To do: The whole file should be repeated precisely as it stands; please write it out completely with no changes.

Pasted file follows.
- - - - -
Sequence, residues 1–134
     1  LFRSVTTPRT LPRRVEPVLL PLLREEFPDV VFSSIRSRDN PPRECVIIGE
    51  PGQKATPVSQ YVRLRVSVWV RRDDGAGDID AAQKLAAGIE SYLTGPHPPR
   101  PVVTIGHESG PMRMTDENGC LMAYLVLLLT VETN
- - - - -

Sequence, residues 1–134
     1  LFRSVTTPRT LPRRVEPVLL PLLREEFPDV VFSSIRSRDN PPRECVIIGE
    51  PGQKATPVSQ YVRLRVSVWV RRDDGAGDID AAQKLAAGIE SYLTGPHPPR
   101  PVVTIGHESG PMRMTDENGC LMAYLVLLLT VETN